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RETP A HC 3

Demand, Supply, and


Market Equilibrium

Prepared by: Fernando


Quijano and Yvonn Quijano

© 2002 Prentice Hall Business Publishing Principles of Economics, 6/e Karl Case, Ray Fair
The Basic Decision-Making Units

• A firm is an organization that transforms


resources (inputs) into products (outputs).
Firms are the primary producing units in a
market economy.
• An entrepreneur is a person who organizes,
manages, and assumes the risks of a firm,
taking a new idea or a new product and
turning it into a successful business.
• Households are the consuming units in an
economy.
© 2002 Prentice Hall Business Publishing Principles of Economics, 6/e Karl Case, Ray Fair
The Circular Flow of Economic Activity

• The circular flow of


economic activity shows
the connections between
firms and households in
input and output markets.

© 2002 Prentice Hall Business Publishing Principles of Economics, 6/e Karl Case, Ray Fair
Input Markets and Output Markets

• Output, or product,
markets are the markets
in which goods and
services are exchanged.

• Input markets are the


markets in which
resources—labor, capital,
• Payments flow in the opposite and land—used to
direction as the physical flow of produce products, are
resources, goods, and services
(counterclockwise). exchanged.
© 2002 Prentice Hall Business Publishing Principles of Economics, 6/e Karl Case, Ray Fair
Input Markets

Input markets include:


• The labor market, in which households supply
work for wages to firms that demand labor.
• The capital market, in which households supply
their savings, for interest or for claims to future
profits, to firms that demand funds to buy capital
goods.
• The land market, in which households supply
land or other real property in exchange for rent.
© 2002 Prentice Hall Business Publishing Principles of Economics, 6/e Karl Case, Ray Fair
Determinants of Household Demand

A household’s decision about the quantity of a particular


output to demand depends on:
• The price of the product in question.
• The income available to the household.
• The household’s amount of accumulated wealth.
• The prices of related products available to the
household.
• The household’s tastes and preferences.
• The household’s expectations about future
income, wealth, and prices.
© 2002 Prentice Hall Business Publishing Principles of Economics, 6/e Karl Case, Ray Fair
Quantity Demanded

• Quantity demanded is the amount


(number of units) of a product that a
household would buy in a given time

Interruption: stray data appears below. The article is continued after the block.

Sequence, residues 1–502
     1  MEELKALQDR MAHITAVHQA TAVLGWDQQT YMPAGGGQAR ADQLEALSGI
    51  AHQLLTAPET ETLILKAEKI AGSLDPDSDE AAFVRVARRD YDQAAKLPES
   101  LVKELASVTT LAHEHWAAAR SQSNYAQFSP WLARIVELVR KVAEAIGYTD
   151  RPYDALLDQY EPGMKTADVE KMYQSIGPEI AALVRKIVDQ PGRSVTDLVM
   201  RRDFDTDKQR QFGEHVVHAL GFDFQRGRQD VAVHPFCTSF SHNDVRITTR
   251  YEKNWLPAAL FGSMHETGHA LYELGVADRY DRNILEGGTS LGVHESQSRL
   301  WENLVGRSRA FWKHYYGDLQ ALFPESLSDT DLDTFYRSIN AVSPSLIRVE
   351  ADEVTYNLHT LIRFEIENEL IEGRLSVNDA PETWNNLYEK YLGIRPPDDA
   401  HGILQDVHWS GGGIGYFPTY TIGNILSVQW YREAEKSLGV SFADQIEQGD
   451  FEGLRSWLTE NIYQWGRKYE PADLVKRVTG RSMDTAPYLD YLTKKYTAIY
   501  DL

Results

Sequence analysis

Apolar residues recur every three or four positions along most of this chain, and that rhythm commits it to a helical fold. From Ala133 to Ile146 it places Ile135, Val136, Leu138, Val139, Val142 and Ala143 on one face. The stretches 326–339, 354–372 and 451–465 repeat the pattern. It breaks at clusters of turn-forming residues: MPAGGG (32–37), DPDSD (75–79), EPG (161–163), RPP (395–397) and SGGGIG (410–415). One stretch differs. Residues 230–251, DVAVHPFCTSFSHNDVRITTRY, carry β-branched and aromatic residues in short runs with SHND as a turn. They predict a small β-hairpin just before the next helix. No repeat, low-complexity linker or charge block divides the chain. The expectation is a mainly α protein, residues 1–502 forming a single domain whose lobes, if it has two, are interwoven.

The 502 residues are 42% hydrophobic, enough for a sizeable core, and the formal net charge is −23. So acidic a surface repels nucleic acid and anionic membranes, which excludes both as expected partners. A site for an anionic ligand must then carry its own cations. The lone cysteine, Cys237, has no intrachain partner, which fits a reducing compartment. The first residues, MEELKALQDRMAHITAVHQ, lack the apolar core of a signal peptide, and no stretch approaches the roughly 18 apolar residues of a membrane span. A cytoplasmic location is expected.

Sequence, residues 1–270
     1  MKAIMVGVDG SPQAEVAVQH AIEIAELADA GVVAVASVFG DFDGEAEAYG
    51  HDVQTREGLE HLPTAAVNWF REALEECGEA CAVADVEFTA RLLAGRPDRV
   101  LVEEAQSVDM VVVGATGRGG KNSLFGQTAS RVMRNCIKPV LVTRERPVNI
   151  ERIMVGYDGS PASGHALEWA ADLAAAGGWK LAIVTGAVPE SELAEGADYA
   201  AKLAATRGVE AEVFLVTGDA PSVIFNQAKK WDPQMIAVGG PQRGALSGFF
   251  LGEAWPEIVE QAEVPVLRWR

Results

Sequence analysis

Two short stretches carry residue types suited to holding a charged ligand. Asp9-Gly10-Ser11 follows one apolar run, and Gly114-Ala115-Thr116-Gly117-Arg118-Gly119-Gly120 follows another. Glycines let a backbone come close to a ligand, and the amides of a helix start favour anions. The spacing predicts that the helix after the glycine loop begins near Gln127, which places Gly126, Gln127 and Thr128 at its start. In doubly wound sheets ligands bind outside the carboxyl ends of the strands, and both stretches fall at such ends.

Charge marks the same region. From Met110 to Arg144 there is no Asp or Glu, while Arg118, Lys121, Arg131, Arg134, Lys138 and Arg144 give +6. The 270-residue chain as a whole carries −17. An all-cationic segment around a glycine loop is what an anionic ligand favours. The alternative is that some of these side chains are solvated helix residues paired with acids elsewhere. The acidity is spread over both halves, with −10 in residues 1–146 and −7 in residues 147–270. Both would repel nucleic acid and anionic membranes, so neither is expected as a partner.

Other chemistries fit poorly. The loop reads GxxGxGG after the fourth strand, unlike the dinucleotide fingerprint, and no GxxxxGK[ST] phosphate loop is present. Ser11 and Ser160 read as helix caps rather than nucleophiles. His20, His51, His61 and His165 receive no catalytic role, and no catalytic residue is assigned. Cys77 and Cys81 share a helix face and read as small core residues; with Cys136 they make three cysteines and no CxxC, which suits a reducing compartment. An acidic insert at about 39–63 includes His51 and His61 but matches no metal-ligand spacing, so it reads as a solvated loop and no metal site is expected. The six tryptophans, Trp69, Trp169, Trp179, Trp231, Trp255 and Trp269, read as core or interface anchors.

period if it could buy all it wanted at the
current market price.

© 2002 Prentice Hall Business Publishing Principles of Economics, 6/e Karl Case, Ray Fair
Demand in Output Markets

ANNA'S DEMAND • A demand schedule


SCHEDULE FOR
TELEPHONE CALLS
is a table showing
QUANTITY how much of a given
PRICE
(PER
DEMANDED
(CALLS PER
product a household
CALL) MONTH) would be willing to
$ 0 30
0.50 25 buy at different prices.
3.50 7
7.00 3
10.00 1 • Demand curves are
15.00 0
usually derived from
demand schedules.

© 2002 Prentice Hall Business Publishing Principles of Economics, 6/e Karl Case, Ray Fair
The Demand Curve

ANNA'S DEMAND
SCHEDULE FOR • The demand curve is
TELEPHONE CALLS
QUANTITY
a graph illustrating
PRICE
(PER
DEMANDED
(CALLS PER
how much of a given
$
CALL)
0
MONTH)
30 product a household
0.50
3.50
25
7 would be willing to
buy at different prices.
7.00 3
10.00 1
15.00 0

© 2002 Prentice Hall Business Publishing Principles of Economics, 6/e Karl Case, Ray Fair
The Law of Demand

• The law of demand


states that there is a
negative, or inverse,
relationship between
price and the quantity of
a good demanded and
its price.
• This means that
demand curves slope
downward.

© 2002 Prentice Hall Business Publishing Principles of Economics, 6/e Karl Case, Ray Fair
Other Properties of Demand Curves

• Demand curves intersect the


quantity (X)-axis, as a result of
time limitations and diminishing
marginal utility.
• Demand curves intersect the (Y)-
axis, as a result of limited
incomes and wealth.

© 2002 Prentice Hall Business Publishing Principles of Economics, 6/e Karl Case, Ray Fair
Income and Wealth

• Income is the sum of all households


wages, salaries, profits, interest
payments, rents, and other forms of
earnings in a given period of time. It is
a flow measure.

• Wealth, or net worth, is the total value


of what a household owns minus what
it owes. It is a stock measure.

© 2002 Prentice Hall Business Publishing Principles of Economics, 6/e Karl Case, Ray Fair